I suggest you ...

Create a "remove all remnants of Visual Studio from your system" program.

I'm writing this on behalf of the thousands of other Visual Studio users out there who have had nightmares trying to uninstall previous versions of VS. Thus cumulatively losing hundreds of thousands of productive work hours.

During this year, I had installed the following programs/components on my system:
* Visual Studio 2012 Express for Desktop
* Visual Studio 2012 Express for Web
* Team Foundation Server Express
* SQL Server Express
* SQL Server Data Tools
* LightSwitch 2011 trial (which created a VS 2010 installation)
* Visual Studio 2010 Tools for SQL Server Compact 3.5 SP2
* Entity Framework Designer for Visual Studio 2012
* Visual Studio Tools for Applications
* Visual Studio Tools for Office
* F# Tools for Visual Studio Express 2012 for Web

Two weeks ago I discovered that third-party controls can't be added to the Express versions of VS. I'm disabled and live on a fixed income, so spending $500 for the Professional version, in order to continue my hobby programming with a third-party control, was a tough decision. But I bought it.

When it arrived, I figured it would take an hour or two to remove the above programs and then I could install the Pro version. I wanted to have a clean file system and Registry for the new install of VS Pro.

It's now SIX DAYS later, and my spending 12-14 hours a day working on this alone. Removing these programs was the biggest nightmare I have ever faced with Microsoft products in my 30 years of being a Microsoft customer. Each one of these products automatically installed 5, 10 or more additional components, along with many thousands of files and individual Registry entries.

It took me four days alone, just to successfully remove the LightSwitch 2011 trial, and the entire VS 2010 product it installed. Restoring a 600 GB disk drive (5 hours) from backup after every removal attempt failed miserably. I finally gave up, spent 6 hours downloading the entire VS 2010 ISO and installed it. Only then, was I able to successfully uninstall LightSwitch 2011 and VS 2010.

As for the remaining products listed above, the uninstall programs do NOT UNinstall everything that they automatically INstall. Every single, automatically INstalled component, had to be removed manually, one at a time. Along with manually creating a System Restore point before each removal attempt, in case it failed. In total, I spent 12 hours uninstalling the remaining products.

I have a Registry search program where I can enter a search string and it will list ALL occurrences it finds in the Registry. I checked "visual studio", "visualstudio", "vbexpress", "vcexpress", "SQL Server", etc. I never finished searching for all the possible Visual Studio and SQL Server strings because the results being returned were eye-popping. Each search was returning 1,000, 3,000, even 7,000 individual Registry entries that had NOT been removed by the individual uninstall processes. This is TENS of THOUSANDS of never to be used again Registry entries that these programs simply left behind. The size of my Registry file is now a stunning 691 MB!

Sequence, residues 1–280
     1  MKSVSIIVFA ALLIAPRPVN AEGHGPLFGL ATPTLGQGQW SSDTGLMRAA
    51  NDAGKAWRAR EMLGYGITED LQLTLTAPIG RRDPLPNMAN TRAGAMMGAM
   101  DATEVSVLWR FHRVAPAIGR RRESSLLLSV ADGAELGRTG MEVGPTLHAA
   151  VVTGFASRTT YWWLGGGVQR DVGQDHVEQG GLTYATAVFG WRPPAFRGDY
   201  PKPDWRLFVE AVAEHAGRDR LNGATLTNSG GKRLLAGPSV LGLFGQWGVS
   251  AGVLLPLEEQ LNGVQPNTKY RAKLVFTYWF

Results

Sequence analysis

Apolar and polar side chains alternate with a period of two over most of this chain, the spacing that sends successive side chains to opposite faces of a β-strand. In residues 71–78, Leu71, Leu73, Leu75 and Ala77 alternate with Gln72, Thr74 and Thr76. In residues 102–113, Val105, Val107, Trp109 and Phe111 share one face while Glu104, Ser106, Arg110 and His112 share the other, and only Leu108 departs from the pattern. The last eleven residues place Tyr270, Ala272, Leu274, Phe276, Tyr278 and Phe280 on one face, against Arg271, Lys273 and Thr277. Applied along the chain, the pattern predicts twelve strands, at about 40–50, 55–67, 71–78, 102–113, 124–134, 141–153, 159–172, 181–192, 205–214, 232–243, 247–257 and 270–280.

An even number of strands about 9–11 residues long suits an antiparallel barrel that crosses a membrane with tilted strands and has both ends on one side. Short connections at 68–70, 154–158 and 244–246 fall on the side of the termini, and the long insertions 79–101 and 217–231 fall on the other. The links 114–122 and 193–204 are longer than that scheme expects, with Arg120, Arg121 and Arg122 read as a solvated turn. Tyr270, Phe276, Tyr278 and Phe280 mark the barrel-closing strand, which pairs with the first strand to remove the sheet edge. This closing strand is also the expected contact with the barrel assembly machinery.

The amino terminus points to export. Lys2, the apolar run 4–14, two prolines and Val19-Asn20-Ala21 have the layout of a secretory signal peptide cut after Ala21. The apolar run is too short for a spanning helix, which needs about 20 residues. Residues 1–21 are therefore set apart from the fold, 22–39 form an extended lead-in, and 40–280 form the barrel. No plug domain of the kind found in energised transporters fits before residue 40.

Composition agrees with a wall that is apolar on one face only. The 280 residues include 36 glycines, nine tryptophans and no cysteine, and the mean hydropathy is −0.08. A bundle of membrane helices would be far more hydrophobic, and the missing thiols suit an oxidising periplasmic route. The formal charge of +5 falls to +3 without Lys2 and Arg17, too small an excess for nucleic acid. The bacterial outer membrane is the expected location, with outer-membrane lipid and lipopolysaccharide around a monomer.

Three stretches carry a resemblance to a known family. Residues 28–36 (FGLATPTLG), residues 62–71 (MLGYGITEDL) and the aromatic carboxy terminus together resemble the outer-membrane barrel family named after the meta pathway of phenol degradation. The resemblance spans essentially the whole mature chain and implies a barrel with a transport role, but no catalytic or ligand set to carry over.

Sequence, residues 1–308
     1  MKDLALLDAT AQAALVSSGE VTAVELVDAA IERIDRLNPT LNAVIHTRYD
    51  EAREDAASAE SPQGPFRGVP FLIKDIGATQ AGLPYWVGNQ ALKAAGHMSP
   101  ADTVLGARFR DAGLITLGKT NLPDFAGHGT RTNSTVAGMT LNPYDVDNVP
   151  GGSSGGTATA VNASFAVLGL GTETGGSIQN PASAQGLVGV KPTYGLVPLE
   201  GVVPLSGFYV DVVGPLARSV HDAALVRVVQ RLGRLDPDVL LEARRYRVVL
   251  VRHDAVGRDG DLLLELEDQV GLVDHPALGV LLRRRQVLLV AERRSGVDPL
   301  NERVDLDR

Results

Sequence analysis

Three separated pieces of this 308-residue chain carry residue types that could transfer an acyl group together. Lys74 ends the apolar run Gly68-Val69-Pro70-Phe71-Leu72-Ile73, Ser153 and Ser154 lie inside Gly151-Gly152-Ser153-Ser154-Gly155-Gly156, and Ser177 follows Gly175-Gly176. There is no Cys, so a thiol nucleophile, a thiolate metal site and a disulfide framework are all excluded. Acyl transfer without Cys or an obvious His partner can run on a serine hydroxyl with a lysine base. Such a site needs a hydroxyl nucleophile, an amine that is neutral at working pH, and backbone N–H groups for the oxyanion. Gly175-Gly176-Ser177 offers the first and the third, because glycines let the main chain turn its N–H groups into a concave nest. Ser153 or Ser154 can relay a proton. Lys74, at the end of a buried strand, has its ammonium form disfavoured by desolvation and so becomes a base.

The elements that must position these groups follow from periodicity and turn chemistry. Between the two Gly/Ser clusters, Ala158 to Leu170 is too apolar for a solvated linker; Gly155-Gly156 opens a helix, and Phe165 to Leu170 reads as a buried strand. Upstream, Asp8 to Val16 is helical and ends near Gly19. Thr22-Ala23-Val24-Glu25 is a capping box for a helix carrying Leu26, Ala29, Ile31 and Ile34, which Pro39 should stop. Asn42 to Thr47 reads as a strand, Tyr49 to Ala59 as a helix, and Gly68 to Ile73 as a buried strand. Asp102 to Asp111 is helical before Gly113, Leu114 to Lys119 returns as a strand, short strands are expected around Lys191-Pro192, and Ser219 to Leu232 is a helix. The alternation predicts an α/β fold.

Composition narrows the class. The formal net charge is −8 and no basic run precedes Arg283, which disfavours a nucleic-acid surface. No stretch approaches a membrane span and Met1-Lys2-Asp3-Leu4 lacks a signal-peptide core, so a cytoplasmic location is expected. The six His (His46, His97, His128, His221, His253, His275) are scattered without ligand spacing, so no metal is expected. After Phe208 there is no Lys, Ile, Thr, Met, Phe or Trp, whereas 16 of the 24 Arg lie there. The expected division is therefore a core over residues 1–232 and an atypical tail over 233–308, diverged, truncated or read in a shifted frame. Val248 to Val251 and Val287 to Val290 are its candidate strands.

All of this frustration and wasted time is completely avoidable! And my case is not "isolated". There are hundreds of thousands of hits on Google regarding this problem, that point to Microsoft forums, MS Blog sites, and many independent Windows developer support forums on the web.

Microsoft really should provide an uninstall program that actually works, by UNinstalling everything it INstalls -- for each product it sells -- including Visual Studio. The downloadable (from Microsoft) uninstall program for VS 2010 does not work correctly and does not remove everything that VS 2010 installs.

When a program installs multiple individual components, tens of thousands of files and Registry entries, it SHOULD have an uninstaller that removes ALL of this, automatically, just like the install program. The OS and Registry keep track of dependencies and you folks know what the removal order should be for all of these products. So the team that creates the INstall program for each product, should also create the UNinstall program. And, the product should NOT ship until this program works correctly and fully.

You have ONE install program for each version of Visual Studio, that asks the user what they want to install and then does it ALL automatically. You should also have ONE uninstall program that does the same thing in reverse...
* Collect info on all the VS-related products and components currently installed
* Ask the user what they want to remove
* Determine if their selections make sense
* Check for dependencies by using your knowledge and experience, along with the computer's stored information, and warn the user as needed
* Decide on the removal order
* Then do it ALL automatically -- removing ALL files and ALL Registry entries

When you release a new product version, ADD the new version and additional decision logic to this existing program, do NOT create a new uninstall program. This way, the user can also remove previous version products, components, etc. ONE uninstall program *should be* able to uninstall every version of Visual Studio released in the past 10 years, along with every single component that was available with it, AND all of the associated files and Registry entries.

Please don't tell us why it CAN'T be done. Rather, figure out a way to do it, and then make it happen, just like every other software company out there has already done for their products. Even FREEware providers have better uninstall processes than Microsoft. This is a sad state for Microsoft and it should be rectified SOON.

Thank you.

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    DonDon shared this idea  ·   ·  Flag idea as inappropriate…  ·  Admin →

    Thank you very much for your feedback. We are aware of this issue and we are evaluating whether we are able to address it in a future release. In the meantime, have you tried our uninstall /force feature? You are able to use this feature even if you have already uninstalled Visual Studio: